Use your vacation time

One of the best ways of dealing with work-related stress and anxiety is to step away from work entirely, even if only for a day. Whether you actually go on vacation or just plan a personal day full of all of your favorite things, allow yourself to take a break from your work. Don’t forget, you are entitled to take your vacation time, so you should not feel guilty about taking a couple of days off.

Don’t bring your work home with you

It has become increasingly more difficult to know how to deal with work-related stress during the COVID-19 pandemic, particularly if you have been working from home. When your workplace is your home and your home is your workplace, it can feel as though you are always – or always should be – available for whatever your work needs at any time. This can contribute to constant stress and anxiety, because you will always be thinking about work.

To counter this feeling, refrain from bringing your work home with you, physically and mentally. If you work in a physical location, leave your laptop, paperwork and any other projects at work; they can wait until tomorrow. If you work remotely, make a designated “office” space in your home, even if it’s just a tiny corner in your living room or bedroom. Do all of your work at this space, and when you log off for the day, leave all of your work there. Working from your bed or the couch may be more comfortable, but you may begin to associate those spaces in your home with your work-related stress.

Don’t be afraid to ask for help

Build trust and relationships with your coworkers, as they can serve as a support network of folks who intimately understand your work-related stress. If you are feeling stressed because you’re not sure how to complete a certain task, ask one of your coworkers who might be more familiar. If you’re feeling burned out because of your workload, ask your manager if it would be possible to transfer some of the balance among the team.

Utilize your employee assistance program

An employee assistance program (EAP) is a service offered by employers for the benefit of your employees. EAPs can provide free and confidential mental health counseling, family services, addiction counseling, stress and time management, career counseling, financial counseling and more. Check with your employer to see if an EAP is available to you as part of your benefits package.

Set boundaries

Remember that you do not exist for the sole purpose of going to work; likewise, your job is not your entire identity. Strike a healthy work-life balance by keeping your work at work; don’t bring your personal life into the office, and don’t let work get in the way of enjoying your hobbies or time with friends and family.

A work-life balance can be achieved by:

  • Not being responsive while on vacation. During your personal time off, don’t feel pressured to answer work-related calls or emails. You have earned your vacation time and deserve to enjoy it.
  • Keeping your work emails separate from your personal email. Remove your work email from your personal device, and resist the urge to quickly check your email in the evenings or on the weekend.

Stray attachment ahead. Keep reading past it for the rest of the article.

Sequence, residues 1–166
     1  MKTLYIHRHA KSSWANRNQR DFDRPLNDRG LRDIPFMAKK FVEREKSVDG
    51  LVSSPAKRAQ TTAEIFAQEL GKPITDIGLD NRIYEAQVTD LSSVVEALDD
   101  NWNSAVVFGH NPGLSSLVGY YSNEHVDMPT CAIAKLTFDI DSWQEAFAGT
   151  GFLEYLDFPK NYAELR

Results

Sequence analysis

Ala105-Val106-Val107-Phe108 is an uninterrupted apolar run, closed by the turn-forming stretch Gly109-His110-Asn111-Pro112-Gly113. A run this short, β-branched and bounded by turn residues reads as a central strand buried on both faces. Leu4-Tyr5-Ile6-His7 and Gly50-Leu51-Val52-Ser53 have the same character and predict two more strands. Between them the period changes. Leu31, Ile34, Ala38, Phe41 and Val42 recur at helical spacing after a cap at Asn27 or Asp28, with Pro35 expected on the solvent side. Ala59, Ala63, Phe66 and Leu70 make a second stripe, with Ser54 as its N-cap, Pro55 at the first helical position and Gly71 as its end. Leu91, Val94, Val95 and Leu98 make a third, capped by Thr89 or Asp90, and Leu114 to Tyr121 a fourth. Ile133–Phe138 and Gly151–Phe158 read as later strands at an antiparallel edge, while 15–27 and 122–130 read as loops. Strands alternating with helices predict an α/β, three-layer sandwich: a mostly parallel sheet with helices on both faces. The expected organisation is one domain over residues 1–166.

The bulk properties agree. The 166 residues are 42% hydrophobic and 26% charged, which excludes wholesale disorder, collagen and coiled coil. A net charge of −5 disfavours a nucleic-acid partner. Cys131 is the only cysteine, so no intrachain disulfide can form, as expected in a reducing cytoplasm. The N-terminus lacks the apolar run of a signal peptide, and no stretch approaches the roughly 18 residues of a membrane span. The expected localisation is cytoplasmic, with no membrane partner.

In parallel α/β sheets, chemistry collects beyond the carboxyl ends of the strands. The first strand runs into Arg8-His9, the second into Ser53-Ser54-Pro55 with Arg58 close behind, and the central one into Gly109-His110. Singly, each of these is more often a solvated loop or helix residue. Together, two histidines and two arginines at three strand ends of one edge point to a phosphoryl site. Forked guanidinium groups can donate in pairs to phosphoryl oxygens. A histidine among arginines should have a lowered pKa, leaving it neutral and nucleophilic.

• Taking the full time you are allotted for breaks and lunchtime. Treat breaks as a mini vacation and refrain from doing any work. If another employee approaches you in the break room during your lunch hour, kindly let them know you are taking your lunch and will be available to help when you are finished.
  • Not talking about work when you are not at work. The more you talk about work, the more you will think about it, and the more it will become part of your daily life and identity.

Practice mindfulness

Mindfulness is a meditation practice that strives to help you feel more in tune with your thoughts and feelings while grounding yourself during stressful times. In an ideal world, work-related stress symptoms would vanish the moment you stepped out of the office. This, unfortunately, is not the case for most people. Work-related stress and anxiety can affect all aspects of your life. Racing thoughts and excessive worry can prevent you from getting a restful night of sleep; a spiked heart rate and hyperventilation can make you feel on-edge, even if you are not at work. Though these symptoms may stem from work-related stress they need to be treated holistically.

Plan out your projects

Make daily and weekly to-do lists with manageable, attainable goals. Work will feel less daunting when you know exactly what is ahead of you, and formulating timelines and plans for each project may help to alleviate work-related stress. Make sure to also discuss expectations with your manager, both as an employee and for each project, so that you are set up for success from the beginning.

Consider going to counseling

Pyramid Online Counseling offers teletherapy through a secure platform for those experiencing work-related stress and anxiety. Counseling can provide you with additional coping skills for present and future incidents of work-related stress. Get help today by reaching out at 833-525-3077.

Incorporating Stress-Relieving Activities Into Your Daily Life